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bourbonmed
08-26-2001, 09:12
Folks,

Jim Beam's black label is no longer aged for 7 years. It's now an 8 YO, which is what it used to be a few years ago if I'm not mistaken. The label is the same, except for the age statement. I meant to pick up a bottle to compare taste yesterday but Blanton's was on sale. Anyone tried the 8 year old yet?

Omar

**DONOTDELETE**
08-26-2001, 10:08
Yes Omar I bought two bottles last month when they were on sale. I like it just fine. It's 86 proof rather than the 90 proof it used to be. It tasts like Jim Beam ought to taste. At a price point half way between the 80 proof 'white label' 4 year old and the 100 proof Knob Creek 9 year old the 86 proof 'black label' 8 year old should find itself many happy consumers.

I've also heard some grumbling that the 'white label' has really gone downhill.Since the very best barrels are going into Booker's and Knob Creek I can see where the quality of the white label might be diminished somewhat. I haven't tried the white label in many years so I wouldn't know for sure, and without a older bottle for a blind A-B test I still wouldn't know for sure.

Linn Spencer

Have Shotglass. Will Travel.

vasshopper
08-26-2001, 10:16
Hi Omar
I have both of the jb-black with the 7yr-9o* and the newer 8yr-86* or that is the way they are labeled here in missouri. sometimes i wonder if bottlings are different in various regions of the states. the 7yr tastes better to me but that is just my opinion and as always the older bottles tastes better. there is some outstanding bottles of various bourbons made back in the 70s and 80s but hard to find. found some old forrester distilled fall of 1970 and bottled in spring of 1976. i'll be bringing this and also other old bottlings of good bourbons if i can make it there to the festival and locate all of you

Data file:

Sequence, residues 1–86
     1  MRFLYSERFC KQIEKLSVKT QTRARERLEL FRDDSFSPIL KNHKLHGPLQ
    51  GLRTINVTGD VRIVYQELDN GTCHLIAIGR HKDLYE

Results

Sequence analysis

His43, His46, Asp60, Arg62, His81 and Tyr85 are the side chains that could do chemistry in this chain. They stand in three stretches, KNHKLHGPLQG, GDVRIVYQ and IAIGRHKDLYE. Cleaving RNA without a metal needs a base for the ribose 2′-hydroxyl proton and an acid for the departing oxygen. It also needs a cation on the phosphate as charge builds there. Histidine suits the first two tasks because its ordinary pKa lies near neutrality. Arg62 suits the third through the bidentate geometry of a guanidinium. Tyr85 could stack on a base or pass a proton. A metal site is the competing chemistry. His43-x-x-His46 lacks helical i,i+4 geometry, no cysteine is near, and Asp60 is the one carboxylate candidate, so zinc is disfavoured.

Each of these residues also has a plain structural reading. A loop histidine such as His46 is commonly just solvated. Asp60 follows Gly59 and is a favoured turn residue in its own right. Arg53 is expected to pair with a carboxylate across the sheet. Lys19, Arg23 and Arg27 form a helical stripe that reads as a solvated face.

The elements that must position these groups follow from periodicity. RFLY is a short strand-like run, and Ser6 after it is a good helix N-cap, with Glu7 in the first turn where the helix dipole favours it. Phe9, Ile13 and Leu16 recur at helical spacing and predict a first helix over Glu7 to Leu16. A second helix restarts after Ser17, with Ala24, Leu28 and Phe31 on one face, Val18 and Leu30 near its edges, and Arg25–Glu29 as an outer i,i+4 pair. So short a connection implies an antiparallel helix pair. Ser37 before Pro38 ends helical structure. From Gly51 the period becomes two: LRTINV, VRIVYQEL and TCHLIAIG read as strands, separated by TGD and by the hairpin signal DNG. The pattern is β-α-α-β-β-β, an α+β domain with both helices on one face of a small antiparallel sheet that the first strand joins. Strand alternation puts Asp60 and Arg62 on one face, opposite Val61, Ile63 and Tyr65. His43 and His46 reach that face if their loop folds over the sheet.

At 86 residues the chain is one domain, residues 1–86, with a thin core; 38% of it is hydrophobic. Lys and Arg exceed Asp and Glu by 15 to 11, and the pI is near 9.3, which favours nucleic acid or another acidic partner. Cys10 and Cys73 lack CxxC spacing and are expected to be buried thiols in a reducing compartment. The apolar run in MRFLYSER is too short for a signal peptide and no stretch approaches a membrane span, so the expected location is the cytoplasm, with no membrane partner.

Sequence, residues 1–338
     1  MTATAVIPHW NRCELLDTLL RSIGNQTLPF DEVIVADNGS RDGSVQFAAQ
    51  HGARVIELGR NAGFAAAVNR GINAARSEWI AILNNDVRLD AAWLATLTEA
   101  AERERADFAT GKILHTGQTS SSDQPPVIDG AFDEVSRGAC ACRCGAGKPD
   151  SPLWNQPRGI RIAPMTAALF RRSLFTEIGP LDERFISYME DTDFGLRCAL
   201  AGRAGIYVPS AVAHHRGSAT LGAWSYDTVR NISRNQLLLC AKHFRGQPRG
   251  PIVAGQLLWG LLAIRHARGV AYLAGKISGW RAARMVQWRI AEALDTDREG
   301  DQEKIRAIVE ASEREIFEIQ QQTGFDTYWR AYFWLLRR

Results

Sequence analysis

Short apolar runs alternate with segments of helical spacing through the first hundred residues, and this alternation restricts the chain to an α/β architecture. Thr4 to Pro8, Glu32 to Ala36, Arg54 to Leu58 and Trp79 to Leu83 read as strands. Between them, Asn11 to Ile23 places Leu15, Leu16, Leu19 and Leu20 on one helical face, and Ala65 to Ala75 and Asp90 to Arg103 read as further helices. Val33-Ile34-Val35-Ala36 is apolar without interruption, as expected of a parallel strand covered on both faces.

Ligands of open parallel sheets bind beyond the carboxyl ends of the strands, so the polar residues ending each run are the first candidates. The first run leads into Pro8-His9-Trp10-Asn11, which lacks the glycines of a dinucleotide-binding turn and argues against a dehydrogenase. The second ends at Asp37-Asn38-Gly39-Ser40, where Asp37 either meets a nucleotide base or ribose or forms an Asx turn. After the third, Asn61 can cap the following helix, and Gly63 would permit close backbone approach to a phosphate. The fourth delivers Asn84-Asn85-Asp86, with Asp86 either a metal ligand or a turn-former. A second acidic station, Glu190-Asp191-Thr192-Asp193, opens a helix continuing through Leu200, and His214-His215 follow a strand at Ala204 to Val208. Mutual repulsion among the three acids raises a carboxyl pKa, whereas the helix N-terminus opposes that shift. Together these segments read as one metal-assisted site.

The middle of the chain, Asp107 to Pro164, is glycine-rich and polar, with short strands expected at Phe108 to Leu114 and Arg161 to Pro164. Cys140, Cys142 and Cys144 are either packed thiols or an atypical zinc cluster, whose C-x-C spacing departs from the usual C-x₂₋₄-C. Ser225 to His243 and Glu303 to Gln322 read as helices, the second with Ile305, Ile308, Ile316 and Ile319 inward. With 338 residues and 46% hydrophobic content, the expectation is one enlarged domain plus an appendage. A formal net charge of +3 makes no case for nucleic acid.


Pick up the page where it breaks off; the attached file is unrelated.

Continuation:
Life is good--den

<P ID="edit"><FONT SIZE=-1>Edited by vasshopper on Sun Aug 26 09:43:15 2001 (server time).</FONT></P>

cowdery
08-26-2001, 13:55
The last bottle of Jim Beam Black I bought, a month or so ago, was the 7 year old, 90 proof. If Beam is fiddling with this product again, I hate to see it. They have changed it many times over the years, diddling with it a year here and a proof point there. I think it's a pretty good product and I wish they would just leave it alone. I especially hate to see them lower the proof, as I am increasingly drawn to 100 proof bourbons.

As for the quality of White Label suffering due to the success of Knob Creek et. al., probably not. The volume of White Label is so huge relative to all of their other bourbons that the dilution effect is negligible.

<A target="_blank" HREF=http://cowdery.home.netcom.com>--Chuck Cowdery</A>

cowdery
08-27-2001, 08:24
I looked in a store yesterday and, sure enough, the 8 year old, 86 proof Jim Beam Black is on Chicago shelves.

I also went back and looked at the original expression of the black label. It was "Beam's Black Label" (as opposed to Jim Beam) and it was 8 years old and 90 proof.

<A target="_blank" HREF=http://cowdery.home.netcom.com>--Chuck Cowdery</A>